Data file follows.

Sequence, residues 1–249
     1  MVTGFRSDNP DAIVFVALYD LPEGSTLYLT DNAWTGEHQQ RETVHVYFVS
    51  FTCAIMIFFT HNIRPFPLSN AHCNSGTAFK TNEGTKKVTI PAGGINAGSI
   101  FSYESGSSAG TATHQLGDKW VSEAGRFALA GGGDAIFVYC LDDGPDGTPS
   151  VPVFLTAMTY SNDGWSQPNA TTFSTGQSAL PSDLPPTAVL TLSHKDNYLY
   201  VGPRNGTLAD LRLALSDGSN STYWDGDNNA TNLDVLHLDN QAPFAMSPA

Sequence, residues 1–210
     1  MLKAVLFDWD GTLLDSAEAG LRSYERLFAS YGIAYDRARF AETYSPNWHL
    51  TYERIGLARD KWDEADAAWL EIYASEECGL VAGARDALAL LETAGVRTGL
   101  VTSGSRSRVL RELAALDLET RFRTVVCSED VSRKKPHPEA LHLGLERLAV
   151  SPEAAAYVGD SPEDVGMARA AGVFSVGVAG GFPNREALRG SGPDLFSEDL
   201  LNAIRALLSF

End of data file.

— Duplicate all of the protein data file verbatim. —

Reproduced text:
Sequence, residues 1–249
     1  MVTGFRSDNP DAIVFVALYD LPEGSTLYLT DNAWTGEHQQ RETVHVYFVS
    51  FTCAIMIFFT HNIRPFPLSN AHCNSGTAFK TNEGTKKVTI PAGGINAGSI
   101  FSYESGSSAG TATHQLGDKW VSEAGRFALA GGGDAIFVYC LDDGPDGTPS
   151  VPVFLTAMTY SNDGWSQPNA TTFSTGQSAL PSDLPPTAVL TLSHKDNYLY
   201  VGPRNGTLAD LRLALSDGSN STYWDGDNNA TNLDVLHLDN QAPFAMSPA

Sequence, residues 1–210
     1  MLKAVLFDWD GTLLDSAEAG LRSYERLFAS YGIAYDRARF AETYSPNWHL
    51  TYERIGLARD KWDEADAAWL EIYASEECGL VAGARDALAL LETAGVRTGL
   101  VTSGSRSRVL RELAALDLET RFRTVVCSED VSRKKPHPEA LHLGLERLAV
   151  SPEAAAYVGD SPEDVGMARA AGVFSVGVAG GFPNREALRG SGPDLFSEDL
   201  LNAIRALLSF